There's a scene about a third of the way through Philip Kaufman's 1978 remake of "Invasion of the Body Snatchers" that may be one of the best self-conscious winks to the audience I've ever come across. As Health Department inspector Matthew Bennell (Donald Sutherland) drives down a busy San Francisco street, a panic-stricken older man jumps onto his car screaming "They're here already! You're next! You're next!" The scene mirrors the end of the 1956 original, even down to the actor, Kevin McCarthy. The original film ends with McCarthy's Miles Bennell running down the street, warning passersby of the plot of the pod people. But, unlike the original, Kaufman allows the scene to play out, and the audience finally sees what becomes of Miles after the credits roll: he gets fatally run down by a car. The scene exemplifies Kaufman's push for a richly graphic, haunting vision of "Body Snatchers" that answers the unseemly questions left open by the original. Miles's last ditch effort to warn humanity feels like a warning cry, and his mad-eyed dash offers a small glimmer of salvation for the human race. But by 1978, things aren't looking so bright, and this updated version leaves little to hope for.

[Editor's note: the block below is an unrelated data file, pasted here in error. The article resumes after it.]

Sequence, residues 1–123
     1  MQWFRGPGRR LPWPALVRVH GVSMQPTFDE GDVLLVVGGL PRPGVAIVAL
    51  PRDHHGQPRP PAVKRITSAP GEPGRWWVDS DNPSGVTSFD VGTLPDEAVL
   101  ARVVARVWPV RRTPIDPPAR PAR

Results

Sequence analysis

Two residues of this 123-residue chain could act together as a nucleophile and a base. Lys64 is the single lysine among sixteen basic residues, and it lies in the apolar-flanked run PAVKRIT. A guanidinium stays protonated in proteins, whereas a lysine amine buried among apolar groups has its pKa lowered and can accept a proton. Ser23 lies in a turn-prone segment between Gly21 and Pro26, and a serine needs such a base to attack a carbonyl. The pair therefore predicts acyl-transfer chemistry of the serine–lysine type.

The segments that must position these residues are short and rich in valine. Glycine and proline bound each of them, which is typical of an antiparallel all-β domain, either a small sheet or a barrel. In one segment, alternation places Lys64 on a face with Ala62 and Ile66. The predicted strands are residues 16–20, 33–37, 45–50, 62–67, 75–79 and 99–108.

Driving through the Texas wasteland en route to California, guileless pretty-boy Jim Halsey (C. Thomas Howell) picks up a rain-soaked drifter John Ryder (Rutger Hauer) in an effort to fight off fatigue and spice up his dull ride with some labored conversation. Halsey's clueless platitudes quickly come to an end when Ryder pulls out a switchblade and threatens to dismember him just like the last dope that picked him up.
Through most of its running time, "The Hitcher" doesn't seem to know in what direction it wants to go. It's one part psychological thriller and one part inane slasher movie. While the scenes between Hauer and Howell are strong, and the cinematography from future Oscar winner John Seale beautiful, the rather wacky action and questionable ethics near the end bogs down what is otherwise a pretty decent thriller.
The little moments between Halsey and Ryder make up the best part of the movie. When the two first meet, Ryder becomes disgusted with Halsey's pantywaisted pleas for his life and Ryder seemingly takes it upon himself to make a man out of our hapless hero. What follows is a torturous effort to remake Halsey in Ryder's image. Ryder's games twist and pervert Halsey's sense of what's right and wrong, and forces the boy to face unsolvable situations like wrongful imprisonment and a state wide manhunt. But then there's all this other stuff…